Come January, when the Iowa football team again goes into hibernation for another nine months, what's a Hawkeye fan to do? You could pay attention to our preseason consensus cellar dweller basketball team (now with added hope!)... or you could give a little time to the three-time defending national champion wrestling team. It is the one sport we're really, really good at, after all. In the spirit of our Assume the Position series for football, we bring you A Winner is You!, a weight class-by-weight class breakdown of the Iowa wrestling team, counting down each Thursday from the weight class we have the most confidence in to the weight class we have absolutely no clue about.
We don't think St. John participated in any underground fighting tournaments this summer, but you never know.
The Known Quantity
Actually, that title is a bit of a misnomer when it comes to this weight; Derek St. John is, by all indications, the chosen option here... but he's a redshirt freshman, so his experience against real competition is pretty damn limited. So while he's the guy here, he's pretty far from being "known." Mind you, that's not to suggest that St. John isn't good -- there's a reason people were clamoring for him to make his debut last year, even though Iowa had an utterly loaded team that was expected to (and largley did) roll to a third-straight national title, and it wasn't just because of the uncertainty at 157. DSJ was a top recruit, a two-time state champion out of Iowa City West that racked up awards and decorations at the prep level. He didn't do too bad while wrestling unattached last year, either, going 26-4, winning titles at the Wisconsin and Grand View Opens, placing third at the Harold Nichols and Kaufman-Brand Opens, and finishing 5th at the Midlands Championships. He didn't just beat up on lesser lights, either; his wins included dominant victories over Purdue's Colton Salazar and Maryland's Kyle John, two top 20 guys at the weight. He did struggle against the only top-5 guy he faced (lost to American's Steve Fittery, 10-0), so there's improvement to be made, but he's already off to a pretty solid start.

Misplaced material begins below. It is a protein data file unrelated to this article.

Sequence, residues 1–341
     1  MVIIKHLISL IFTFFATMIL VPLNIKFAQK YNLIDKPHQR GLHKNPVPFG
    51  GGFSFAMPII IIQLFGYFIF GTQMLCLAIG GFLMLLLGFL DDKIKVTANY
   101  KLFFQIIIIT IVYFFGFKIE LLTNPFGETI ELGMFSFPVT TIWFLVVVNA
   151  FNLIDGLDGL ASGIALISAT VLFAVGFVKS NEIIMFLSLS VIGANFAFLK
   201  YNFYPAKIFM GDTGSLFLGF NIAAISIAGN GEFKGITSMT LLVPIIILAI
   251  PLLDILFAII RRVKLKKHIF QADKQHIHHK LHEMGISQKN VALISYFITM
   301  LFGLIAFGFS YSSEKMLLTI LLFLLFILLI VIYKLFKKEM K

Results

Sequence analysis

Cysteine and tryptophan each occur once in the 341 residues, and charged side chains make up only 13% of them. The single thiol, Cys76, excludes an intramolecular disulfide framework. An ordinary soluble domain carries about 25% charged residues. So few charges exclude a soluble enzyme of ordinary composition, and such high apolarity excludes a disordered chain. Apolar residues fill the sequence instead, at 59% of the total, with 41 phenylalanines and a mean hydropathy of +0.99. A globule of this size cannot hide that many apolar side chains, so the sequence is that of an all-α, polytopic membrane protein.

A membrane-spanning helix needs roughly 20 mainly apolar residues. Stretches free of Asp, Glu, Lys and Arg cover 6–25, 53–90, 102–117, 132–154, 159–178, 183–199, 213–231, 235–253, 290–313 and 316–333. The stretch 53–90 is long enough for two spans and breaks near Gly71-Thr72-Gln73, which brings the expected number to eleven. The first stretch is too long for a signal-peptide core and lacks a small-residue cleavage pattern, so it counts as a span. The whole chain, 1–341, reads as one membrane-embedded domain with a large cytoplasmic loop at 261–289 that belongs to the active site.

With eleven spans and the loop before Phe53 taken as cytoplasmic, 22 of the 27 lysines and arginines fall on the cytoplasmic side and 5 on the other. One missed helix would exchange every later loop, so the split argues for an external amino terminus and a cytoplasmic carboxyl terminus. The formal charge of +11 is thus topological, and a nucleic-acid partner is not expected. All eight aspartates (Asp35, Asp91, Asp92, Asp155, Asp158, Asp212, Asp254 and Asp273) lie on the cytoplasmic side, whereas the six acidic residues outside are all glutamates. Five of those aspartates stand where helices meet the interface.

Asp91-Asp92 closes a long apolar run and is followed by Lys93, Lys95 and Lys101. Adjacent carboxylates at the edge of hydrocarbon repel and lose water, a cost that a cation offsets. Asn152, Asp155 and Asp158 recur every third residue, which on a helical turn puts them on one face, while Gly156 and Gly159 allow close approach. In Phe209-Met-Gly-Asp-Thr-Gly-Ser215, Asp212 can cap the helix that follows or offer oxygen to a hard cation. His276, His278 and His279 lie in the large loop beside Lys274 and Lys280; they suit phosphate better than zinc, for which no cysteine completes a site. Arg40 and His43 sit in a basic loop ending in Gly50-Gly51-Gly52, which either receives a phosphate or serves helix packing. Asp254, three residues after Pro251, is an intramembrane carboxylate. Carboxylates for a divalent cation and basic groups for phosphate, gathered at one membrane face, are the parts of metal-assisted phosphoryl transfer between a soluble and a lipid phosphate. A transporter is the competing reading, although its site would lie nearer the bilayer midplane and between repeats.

The Possible Options
Hoo boy. The official roster lists no less than ten other guys at 157. Many of those guys are double-listed at other weights, so it's no guarantee that 157 is where they'll be, but still: there are a metric shitload of guys floating around this weight. Mind you, the fact that they're behind DSJ means that they're virtually guaranteed not to see action at this weight unless DSJ suffers an injury or goes through a disastrous run of form; he really is probably good enough to lock up this weight for as long as he can maintain the weight (which is no guarantee beyond this year).
The two main options at this weight a year ago are still there (Jake Kerr and Aaron Janssen), but both are projected to move up at least one weight class this year (and Kerr is even reported to be jumping up two weights to 174), so there's probably not much reason to discuss them here. Sophomore Jeret Chiri's listed at 157, but he's also listed at 149 and it sounds like there's a better shot of him seeing time there. There's also a trio of upperclassmen who saw limited action last year even in unattached competitions (Stew Gillmor, Ethan Sebert, Brooks Kopsa). Gillmor went 4-6, Sebert went 2-4, and Kopsa didn't compete at all (but did go 2-2 the year prior). Guys like that are good for the training room, but we probably aren't going to see them suiting up in duals unless AIRBHG turns his malevolent eye to the wrestling team.